Instead of telling people to change, suppress, or hide who God created them to be, I believe it would be best to embrace the new knowledge we have learned from the field of biblical scholarship and advocate for the full affirmation of LGBTQIA+ people, including those in the disability community. By doing so, we can base our theology on a correct interpretation of Scripture that properly bears good fruit and reflects the love of God. I am so excited about a new, informative documentary coming out this year called 1946, which encourages us to move forward in this way!

When LGBTQIA+ people are fully affirmed in the Church and elsewhere, they bear witness to God’s creativity and the variety of ways in which fruits of the Spirit like love, joy, and kindness can be expressed to others. Similarly, people with disabilities may experience gender, sexuality, and life differently because of their diverse bodies and minds. I think the intersectionality of the disabled and LGBTQIA+ experience is something we should celebrate!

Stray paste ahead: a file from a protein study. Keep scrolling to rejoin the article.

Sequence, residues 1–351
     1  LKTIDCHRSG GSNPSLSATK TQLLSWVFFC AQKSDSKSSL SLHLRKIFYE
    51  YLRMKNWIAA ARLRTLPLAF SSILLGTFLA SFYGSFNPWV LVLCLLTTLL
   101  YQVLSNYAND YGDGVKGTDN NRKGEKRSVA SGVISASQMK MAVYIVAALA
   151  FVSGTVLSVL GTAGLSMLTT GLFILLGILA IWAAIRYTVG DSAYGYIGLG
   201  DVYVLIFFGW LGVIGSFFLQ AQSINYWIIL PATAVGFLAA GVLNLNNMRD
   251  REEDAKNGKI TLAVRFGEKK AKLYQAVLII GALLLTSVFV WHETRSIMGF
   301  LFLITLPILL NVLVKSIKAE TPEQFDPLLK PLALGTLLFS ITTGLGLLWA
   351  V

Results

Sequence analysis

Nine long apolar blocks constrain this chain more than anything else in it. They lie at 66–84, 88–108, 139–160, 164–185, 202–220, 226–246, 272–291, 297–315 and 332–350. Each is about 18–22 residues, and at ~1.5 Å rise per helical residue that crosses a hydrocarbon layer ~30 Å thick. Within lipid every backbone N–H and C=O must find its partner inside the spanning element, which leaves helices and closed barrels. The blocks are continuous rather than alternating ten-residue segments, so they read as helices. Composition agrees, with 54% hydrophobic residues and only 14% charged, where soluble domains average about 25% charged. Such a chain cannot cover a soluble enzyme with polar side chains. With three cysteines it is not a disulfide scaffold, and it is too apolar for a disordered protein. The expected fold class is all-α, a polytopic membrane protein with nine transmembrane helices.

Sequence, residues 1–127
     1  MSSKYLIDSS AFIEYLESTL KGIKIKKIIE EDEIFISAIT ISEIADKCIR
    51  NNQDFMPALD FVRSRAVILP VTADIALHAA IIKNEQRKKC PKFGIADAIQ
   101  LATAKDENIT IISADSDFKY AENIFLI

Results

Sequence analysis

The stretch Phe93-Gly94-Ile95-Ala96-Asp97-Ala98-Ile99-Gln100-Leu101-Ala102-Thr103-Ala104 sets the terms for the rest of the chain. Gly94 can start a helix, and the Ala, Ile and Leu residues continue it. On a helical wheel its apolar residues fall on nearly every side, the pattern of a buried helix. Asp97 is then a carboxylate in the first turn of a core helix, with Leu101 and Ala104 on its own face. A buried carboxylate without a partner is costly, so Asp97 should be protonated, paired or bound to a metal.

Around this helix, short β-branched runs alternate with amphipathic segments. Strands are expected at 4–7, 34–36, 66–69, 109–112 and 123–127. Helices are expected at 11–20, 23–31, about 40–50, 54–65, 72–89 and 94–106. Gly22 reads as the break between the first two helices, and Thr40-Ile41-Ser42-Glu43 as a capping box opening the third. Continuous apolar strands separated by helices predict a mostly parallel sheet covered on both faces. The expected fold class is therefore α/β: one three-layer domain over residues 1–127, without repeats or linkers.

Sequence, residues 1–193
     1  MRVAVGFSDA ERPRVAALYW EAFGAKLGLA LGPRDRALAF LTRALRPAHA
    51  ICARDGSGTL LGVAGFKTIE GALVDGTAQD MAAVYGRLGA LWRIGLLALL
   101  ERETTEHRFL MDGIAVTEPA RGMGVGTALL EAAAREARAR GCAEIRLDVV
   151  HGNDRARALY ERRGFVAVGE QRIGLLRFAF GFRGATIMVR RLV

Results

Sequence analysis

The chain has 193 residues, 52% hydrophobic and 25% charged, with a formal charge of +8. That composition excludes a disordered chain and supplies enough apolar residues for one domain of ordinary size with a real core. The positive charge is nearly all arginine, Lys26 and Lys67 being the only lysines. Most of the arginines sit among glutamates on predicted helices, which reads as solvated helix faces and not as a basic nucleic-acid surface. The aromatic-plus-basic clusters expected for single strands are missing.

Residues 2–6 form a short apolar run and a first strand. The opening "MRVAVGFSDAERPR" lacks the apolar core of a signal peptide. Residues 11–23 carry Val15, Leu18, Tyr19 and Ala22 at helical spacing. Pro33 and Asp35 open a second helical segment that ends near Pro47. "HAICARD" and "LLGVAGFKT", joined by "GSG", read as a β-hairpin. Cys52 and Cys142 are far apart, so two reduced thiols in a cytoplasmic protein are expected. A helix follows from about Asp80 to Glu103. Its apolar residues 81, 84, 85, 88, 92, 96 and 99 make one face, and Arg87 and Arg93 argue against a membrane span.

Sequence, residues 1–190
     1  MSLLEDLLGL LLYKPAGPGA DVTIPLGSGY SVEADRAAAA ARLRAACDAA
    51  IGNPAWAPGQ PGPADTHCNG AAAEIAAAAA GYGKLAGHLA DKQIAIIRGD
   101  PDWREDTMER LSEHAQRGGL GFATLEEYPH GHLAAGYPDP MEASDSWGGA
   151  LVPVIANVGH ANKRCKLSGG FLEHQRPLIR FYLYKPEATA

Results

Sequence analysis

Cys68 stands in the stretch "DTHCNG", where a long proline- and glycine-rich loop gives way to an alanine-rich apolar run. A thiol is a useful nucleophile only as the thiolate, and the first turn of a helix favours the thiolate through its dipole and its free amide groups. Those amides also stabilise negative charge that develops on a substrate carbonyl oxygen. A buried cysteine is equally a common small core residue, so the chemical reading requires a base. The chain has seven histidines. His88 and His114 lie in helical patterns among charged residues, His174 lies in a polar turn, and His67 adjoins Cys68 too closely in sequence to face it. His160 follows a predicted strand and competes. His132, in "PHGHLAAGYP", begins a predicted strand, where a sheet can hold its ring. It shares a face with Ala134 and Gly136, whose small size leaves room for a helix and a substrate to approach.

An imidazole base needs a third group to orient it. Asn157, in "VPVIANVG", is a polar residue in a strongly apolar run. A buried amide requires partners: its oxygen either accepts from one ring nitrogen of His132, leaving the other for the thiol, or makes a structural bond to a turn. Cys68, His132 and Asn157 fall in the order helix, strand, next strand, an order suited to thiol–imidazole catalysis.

In conclusion, my hope and prayer is that we would seek to foster the kind of love and pride for others that Steven exemplified in his daily life, and that in turn, we would continue to advocate for a more inclusive, accessible, and unified Church where all people, especially those part of the disability and LGBTQIA+ communities, are affirmed and celebrated for who they are. I know we can do it with God’s help. As Scripture says in the book of Galatians: “So let us not grow weary in doing what is right, for we will reap at harvest time, if we do not give up.”

Bishop of Virginia Annual Conference Unwilling to Reach Just Resolution

FAIRFAX – The June 16, 2022 meeting of the Virginia Annual Conference of The United Methodist Church (UMC) marks 1,000 days of living under complaint for Rev. Drew Ensz, who presided at a same-sex wedding for a former student in 2019. Although the complaint process is rigorously detailed in The UMC’s Book of Discipline, Virginia’s Bishop Sharma Lewis has flagrantly evaded the duties of her office to seek resolution with Rev. Ensz.